I currently have the following problem:
My questions are
Hope someone can help...
Thanks in advance
This is where the problems that JETI and other plugins that bypass security kick in. Jira's security model is basically correct - a person who cannot see an issue should not be emailed about it. Because you are immediately leaking potentially sensitive information.
If you break this model with something like JETI, then you're asking for more security issues, including not allowing incoming email to update the issues.
So, to answer your questions
1. No. If you can't see it, you can't comment on it. That is correct.
2. No. As per 1.
3. Not without some code, but it is possible.
4. Yes. Dump the security scheme, as it's pretty clear you don't actually need it.
Actually I do need the security and was wondering why I worked in the first place (without the security level).
The clean way (and what I am trying at the moment) would be 3.) Any tips to that? I would need it in a post-function - currently trying Script Runner...
(i) Most of my problems are not the code, but where to start - i.e. what packages to import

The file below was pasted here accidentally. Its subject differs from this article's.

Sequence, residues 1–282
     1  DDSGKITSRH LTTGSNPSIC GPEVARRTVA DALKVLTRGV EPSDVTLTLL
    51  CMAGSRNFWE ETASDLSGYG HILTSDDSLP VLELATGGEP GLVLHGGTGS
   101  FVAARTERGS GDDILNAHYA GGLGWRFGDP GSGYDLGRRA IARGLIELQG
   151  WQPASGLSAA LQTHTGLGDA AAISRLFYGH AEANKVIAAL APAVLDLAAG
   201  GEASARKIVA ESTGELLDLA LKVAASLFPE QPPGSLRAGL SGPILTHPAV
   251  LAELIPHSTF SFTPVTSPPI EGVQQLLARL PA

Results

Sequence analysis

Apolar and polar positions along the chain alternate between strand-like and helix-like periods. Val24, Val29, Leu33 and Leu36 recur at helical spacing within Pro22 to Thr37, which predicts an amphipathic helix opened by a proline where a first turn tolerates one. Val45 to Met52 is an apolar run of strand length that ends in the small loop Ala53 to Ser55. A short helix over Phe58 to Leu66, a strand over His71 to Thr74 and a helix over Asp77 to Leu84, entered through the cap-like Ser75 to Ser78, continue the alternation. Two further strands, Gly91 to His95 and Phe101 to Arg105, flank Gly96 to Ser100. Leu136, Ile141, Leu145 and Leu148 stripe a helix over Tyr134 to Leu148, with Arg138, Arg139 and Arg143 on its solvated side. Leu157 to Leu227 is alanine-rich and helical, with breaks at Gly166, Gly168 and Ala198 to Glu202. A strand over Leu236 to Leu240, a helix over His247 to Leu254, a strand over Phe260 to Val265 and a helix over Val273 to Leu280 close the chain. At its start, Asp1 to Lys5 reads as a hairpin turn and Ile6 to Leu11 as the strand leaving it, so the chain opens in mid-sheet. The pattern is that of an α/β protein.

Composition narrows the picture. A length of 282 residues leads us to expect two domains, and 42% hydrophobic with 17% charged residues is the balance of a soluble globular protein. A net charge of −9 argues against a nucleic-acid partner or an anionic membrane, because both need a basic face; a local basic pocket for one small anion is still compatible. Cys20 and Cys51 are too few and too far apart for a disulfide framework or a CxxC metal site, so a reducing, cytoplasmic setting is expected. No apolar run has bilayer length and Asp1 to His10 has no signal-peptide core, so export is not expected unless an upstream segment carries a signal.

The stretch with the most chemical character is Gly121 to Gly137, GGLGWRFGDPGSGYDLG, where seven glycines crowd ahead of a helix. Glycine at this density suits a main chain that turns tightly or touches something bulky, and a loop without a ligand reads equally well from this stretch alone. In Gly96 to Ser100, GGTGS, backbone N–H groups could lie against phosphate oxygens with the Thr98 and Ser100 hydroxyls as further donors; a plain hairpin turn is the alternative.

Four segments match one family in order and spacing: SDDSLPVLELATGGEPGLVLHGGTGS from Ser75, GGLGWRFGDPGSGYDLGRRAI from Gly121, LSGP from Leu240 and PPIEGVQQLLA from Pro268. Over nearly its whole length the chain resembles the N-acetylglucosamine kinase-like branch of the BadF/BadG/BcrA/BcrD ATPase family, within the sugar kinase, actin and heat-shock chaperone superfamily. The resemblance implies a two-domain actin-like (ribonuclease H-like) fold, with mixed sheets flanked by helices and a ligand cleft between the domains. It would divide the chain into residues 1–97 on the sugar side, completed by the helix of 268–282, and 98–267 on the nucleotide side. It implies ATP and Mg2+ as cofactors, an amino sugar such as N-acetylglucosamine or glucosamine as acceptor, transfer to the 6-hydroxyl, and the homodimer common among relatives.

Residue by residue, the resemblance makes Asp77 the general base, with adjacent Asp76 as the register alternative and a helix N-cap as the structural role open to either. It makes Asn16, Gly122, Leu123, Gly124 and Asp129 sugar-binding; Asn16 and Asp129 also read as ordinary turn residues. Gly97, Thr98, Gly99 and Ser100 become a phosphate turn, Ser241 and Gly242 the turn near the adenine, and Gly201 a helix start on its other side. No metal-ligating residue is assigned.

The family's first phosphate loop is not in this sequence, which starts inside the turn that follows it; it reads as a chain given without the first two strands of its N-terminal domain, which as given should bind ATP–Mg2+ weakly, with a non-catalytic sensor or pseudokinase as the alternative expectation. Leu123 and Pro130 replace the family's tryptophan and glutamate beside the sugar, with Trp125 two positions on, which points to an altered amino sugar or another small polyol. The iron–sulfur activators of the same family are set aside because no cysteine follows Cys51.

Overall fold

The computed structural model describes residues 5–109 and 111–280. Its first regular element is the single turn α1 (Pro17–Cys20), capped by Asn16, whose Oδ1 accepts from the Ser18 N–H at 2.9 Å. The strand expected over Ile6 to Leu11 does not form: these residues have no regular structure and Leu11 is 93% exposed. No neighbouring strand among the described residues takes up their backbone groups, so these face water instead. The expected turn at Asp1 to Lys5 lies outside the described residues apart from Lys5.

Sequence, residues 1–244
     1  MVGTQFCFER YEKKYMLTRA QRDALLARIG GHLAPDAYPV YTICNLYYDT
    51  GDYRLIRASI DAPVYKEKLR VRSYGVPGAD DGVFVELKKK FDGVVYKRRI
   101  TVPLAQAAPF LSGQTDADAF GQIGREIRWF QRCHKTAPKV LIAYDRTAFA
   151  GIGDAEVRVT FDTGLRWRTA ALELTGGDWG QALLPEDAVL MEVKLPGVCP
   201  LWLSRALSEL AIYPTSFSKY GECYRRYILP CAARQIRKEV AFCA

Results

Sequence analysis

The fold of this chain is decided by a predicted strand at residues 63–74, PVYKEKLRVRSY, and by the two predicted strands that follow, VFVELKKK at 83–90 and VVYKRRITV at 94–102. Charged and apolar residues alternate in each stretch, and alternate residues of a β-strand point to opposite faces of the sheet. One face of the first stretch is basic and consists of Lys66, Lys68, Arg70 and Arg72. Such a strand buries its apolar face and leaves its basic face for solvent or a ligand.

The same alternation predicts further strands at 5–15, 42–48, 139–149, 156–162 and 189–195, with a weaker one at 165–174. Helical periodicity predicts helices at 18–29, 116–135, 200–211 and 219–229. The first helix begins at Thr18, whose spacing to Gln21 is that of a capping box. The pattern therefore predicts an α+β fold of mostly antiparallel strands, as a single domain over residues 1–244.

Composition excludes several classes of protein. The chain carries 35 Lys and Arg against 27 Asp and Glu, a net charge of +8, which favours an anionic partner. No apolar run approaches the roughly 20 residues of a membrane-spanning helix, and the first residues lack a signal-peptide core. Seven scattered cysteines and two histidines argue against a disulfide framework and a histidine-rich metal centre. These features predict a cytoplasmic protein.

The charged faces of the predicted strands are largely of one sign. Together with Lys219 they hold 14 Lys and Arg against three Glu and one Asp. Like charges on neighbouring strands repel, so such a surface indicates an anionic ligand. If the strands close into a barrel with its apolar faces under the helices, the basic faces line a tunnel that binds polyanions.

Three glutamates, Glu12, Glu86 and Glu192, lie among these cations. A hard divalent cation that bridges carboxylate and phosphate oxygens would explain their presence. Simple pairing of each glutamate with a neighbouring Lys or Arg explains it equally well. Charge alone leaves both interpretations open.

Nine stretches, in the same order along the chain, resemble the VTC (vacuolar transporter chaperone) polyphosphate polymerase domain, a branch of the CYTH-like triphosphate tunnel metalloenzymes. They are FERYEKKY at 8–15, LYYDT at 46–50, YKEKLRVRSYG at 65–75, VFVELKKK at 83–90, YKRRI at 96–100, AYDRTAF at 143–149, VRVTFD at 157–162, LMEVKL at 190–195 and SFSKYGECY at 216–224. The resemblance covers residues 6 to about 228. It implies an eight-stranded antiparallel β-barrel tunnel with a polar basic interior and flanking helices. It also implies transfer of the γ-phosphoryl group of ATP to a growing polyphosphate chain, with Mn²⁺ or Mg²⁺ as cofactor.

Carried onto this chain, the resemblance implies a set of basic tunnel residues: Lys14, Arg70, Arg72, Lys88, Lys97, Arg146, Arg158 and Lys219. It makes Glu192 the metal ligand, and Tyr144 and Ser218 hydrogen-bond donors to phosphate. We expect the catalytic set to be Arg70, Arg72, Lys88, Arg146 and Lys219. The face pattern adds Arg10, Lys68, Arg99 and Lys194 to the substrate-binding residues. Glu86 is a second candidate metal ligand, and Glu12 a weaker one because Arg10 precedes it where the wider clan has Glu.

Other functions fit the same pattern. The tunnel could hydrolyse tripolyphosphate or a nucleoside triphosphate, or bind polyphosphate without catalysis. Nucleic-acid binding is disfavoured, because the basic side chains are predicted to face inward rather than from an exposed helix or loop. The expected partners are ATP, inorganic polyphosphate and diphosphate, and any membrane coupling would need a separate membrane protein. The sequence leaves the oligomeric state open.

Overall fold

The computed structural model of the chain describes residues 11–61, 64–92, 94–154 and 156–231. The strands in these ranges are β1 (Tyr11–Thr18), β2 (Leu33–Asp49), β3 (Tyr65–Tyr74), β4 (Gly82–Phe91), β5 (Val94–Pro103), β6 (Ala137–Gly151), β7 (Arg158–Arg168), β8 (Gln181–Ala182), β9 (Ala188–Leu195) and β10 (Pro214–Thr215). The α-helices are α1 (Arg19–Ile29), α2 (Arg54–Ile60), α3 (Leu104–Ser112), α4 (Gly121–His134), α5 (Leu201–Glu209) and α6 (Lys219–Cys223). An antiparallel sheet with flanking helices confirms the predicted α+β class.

Mmm, option 3 would be a new "email handler" - one that can ignore the security. I don't know if the script runner can do email handlers. It's definitely the right place to start, but I've not done it myself. I don't think you need much in the way of imports though - the stuff I've got in the handler I wrote (outside the script runner) was mercifully short.
Oh, I see. Yes, that would work too.
I'd create the user as a post-function or listener (script runner of course), although you'd need to think about how you got them a password and so-on (and it would only work for Jira systems using internal authentication)
I think it's the same as fetching any other custom field - get custom field value as a string.
You'll need to think about temporarily grabbing admin rights in the post-function as well, or it'll block you creating new users (although you're right about the new user function - I've done something similar and just set the password to a stupidly long random string)
Mmm, that's not quite right. JETI is leaking potentially secure information that the application normally prevents. It is of course possible for other plugins to create leaks, and the leaking can well be deliberate and by design. It's a minor quibble with language, but there's no denying that JETI (and others) enables leaking that the core application normally does not allow.
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